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It’s hard to believe the government and media could sink any lower in the court of public opinion than they have the last decade. Yet recent indicators show they’ve nearly hit rock bottom.

According to a recent Gallup poll, America’s top concern is not the economy, immigration, or crime. It’s not even inflation, despite soaring prices that continue to pinch pocketbooks. Among those surveyed, the biggest problem facing our country is government.

Edelman, a global public affairs firm, revealed a similar finding in their annual report on trust.  Government, they wrote “is viewed as unethical and incompetent.”

The media hasn’t fared much better, with just seven percent of Americans having "a great deal" of trust and confidence in the media, and 27% having "a fair amount” according to Gallup.

Institutions that are necessary for a thriving democracy are cratering in an environment of disinformation, de-platforming, and divisiveness.

Business is a rare bright spot. Respondents to the Edelman survey trusted their employer 25 points more than they trusted government or elected officials. In fact, business was seen as more competent by 54 points and more ethical by 30.

In many ways, this makes sense. Private enterprise has an incentive to provide products and services that add value to all peoples’ lives and to course correct when customers or employees are dissatisfied. Anyone who’s waited in line at the DMV, tried to collect unemployment benefits or received a pat down from the TSA knows this is not the case with government.  

It also helps explain why people increasingly want business leaders to weigh in on major issues. They see political leaders as hopelessly divided and incapable, so they look to the nearest adult in the room to fill the void.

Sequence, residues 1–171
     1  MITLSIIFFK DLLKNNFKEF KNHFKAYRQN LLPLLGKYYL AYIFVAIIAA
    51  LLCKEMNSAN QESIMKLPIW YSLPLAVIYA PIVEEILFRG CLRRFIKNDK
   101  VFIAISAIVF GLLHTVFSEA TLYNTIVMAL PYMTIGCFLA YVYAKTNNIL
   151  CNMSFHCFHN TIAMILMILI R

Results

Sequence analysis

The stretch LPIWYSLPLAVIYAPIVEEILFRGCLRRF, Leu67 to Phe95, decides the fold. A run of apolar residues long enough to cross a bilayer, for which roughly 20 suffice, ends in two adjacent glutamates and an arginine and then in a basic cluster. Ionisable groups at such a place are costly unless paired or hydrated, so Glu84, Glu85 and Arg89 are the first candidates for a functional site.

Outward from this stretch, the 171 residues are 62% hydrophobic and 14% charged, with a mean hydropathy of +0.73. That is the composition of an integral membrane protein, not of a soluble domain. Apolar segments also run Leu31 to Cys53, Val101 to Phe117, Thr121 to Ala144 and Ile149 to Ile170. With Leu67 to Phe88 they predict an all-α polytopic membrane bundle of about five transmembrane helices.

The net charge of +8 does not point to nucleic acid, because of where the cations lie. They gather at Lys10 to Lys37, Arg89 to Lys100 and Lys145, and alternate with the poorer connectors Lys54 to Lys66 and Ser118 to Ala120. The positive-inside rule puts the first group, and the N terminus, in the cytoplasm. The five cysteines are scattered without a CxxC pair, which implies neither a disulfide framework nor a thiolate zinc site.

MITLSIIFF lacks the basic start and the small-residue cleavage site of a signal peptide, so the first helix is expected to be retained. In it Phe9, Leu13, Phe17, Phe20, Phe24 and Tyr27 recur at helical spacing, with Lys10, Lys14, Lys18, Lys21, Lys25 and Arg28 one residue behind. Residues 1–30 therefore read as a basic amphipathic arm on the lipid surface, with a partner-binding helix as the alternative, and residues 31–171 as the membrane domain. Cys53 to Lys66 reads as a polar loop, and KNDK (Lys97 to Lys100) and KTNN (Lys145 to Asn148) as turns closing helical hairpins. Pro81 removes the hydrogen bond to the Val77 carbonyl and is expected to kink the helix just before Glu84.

Yet CEOs who wade into the choppy sea of social and cultural issues do so at their own peril.

Numerous recent cases underscore this point. Disney’s Bob Chapek learned that the hard way when he caved in to pressure from employees to take a position on Florida’s bill parental rights in education bill. Major League Baseball faced the wrath of legions of baseball fans when they pulled the All-Star game out of Atlanta over Georgia’s election laws. Target was heavily criticized over its transgender bathroom policy.

So how can today’s CEO maintain trust with the public and employees without alienating half of them? And how can they satisfy stakeholders, while abiding by their fiduciary responsibility to their shareholders?

One solution is to start from within. That is, help employees understand the nature of the business, from what it delivers, to how it delivers, to who it is being delivered to. Ensure they understand not only why their own job matters, but why every job in the organization matters, whether it’s the shipping technician, the forklift operator, or the accounting coordinator. Educate them on profitability and barriers to growth such as regulatory red tape or hostile tax policy.

In other words, show them the value of free enterprise principles.  

According to research done by the Frontier Center, a market research organization, business leaders who are actively engaged in the promotion of free enterprise see benefits to their business performance and their own peace of mind.

Understandably, many business leaders may be reluctant to take this approach. Lack of resources, time constraints, concerns about employee or board pushback, or that their efforts will be viewed as political are all valid reasons for refraining from engaging in free enterprise fundamentals with workers.

Yet Frontier learned that business leaders who encouraged an understanding of free markets did so because they saw benefits in other realms. Namely, their business outcomes, the employee’s personal flourishing, their own individual happiness and service to their country.

A full 100% of leaders said developing the critical thinking that resulted was a key motivating factor in sharing these concepts. Among the other benefits are that employees had a “a much-needed understanding about the rules and regulations employees encounter every day,” which “puts employer and employee on the same page when business decisions need to be made, affirming trust that goes in both directions.”

That trust may cause employees to reconsider whether their CEO should become a culture warrior or instead a champion of what he or she knows best – running a profitable, mission-driven organization. Even more importantly, it instills the dignity of work, an understanding that everyone has value, and that free enterprise allows even the poorest among us to prosper.

While our institutions may be broken, business leaders have an opportunity and an obligation to help keep the American dream alive and well.

John Tillman is CEO of the American Culture Project. 

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